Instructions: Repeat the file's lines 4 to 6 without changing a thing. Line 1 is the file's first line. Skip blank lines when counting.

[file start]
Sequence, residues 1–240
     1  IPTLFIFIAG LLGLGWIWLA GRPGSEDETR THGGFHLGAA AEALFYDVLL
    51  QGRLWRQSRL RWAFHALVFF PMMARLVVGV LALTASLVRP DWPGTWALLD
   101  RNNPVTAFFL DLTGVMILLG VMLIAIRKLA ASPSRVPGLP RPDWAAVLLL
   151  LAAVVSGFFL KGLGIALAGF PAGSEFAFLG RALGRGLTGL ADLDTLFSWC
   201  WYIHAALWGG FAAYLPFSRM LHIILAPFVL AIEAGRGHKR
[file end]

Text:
   101  RNNPVTAFFL DLTGVMILLG VMLIAIRKLA ASPSRVPGLP RPDWAAVLLL
   151  LAAVVSGFFL KGLGIALAGF PAGSEFAFLG RALGRGLTGL ADLDTLFSWC
   201  WYIHAALWGG FAAYLPFSRM LHIILAPFVL AIEAGRGHKR